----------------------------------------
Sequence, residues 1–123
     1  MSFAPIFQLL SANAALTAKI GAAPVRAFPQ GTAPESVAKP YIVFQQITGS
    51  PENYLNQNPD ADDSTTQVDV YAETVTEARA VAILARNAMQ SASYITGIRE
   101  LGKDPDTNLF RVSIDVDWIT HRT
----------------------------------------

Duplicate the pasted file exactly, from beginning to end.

Sequence, residues 1–123
     1  MSFAPIFQLL SANAALTAKI GAAPVRAFPQ GTAPESVAKP YIVFQQITGS
    51  PENYLNQNPD ADDSTTQVDV YAETVTEARA VAILARNAMQ SASYITGIRE
   101  LGKDPDTNLF RVSIDVDWIT HRT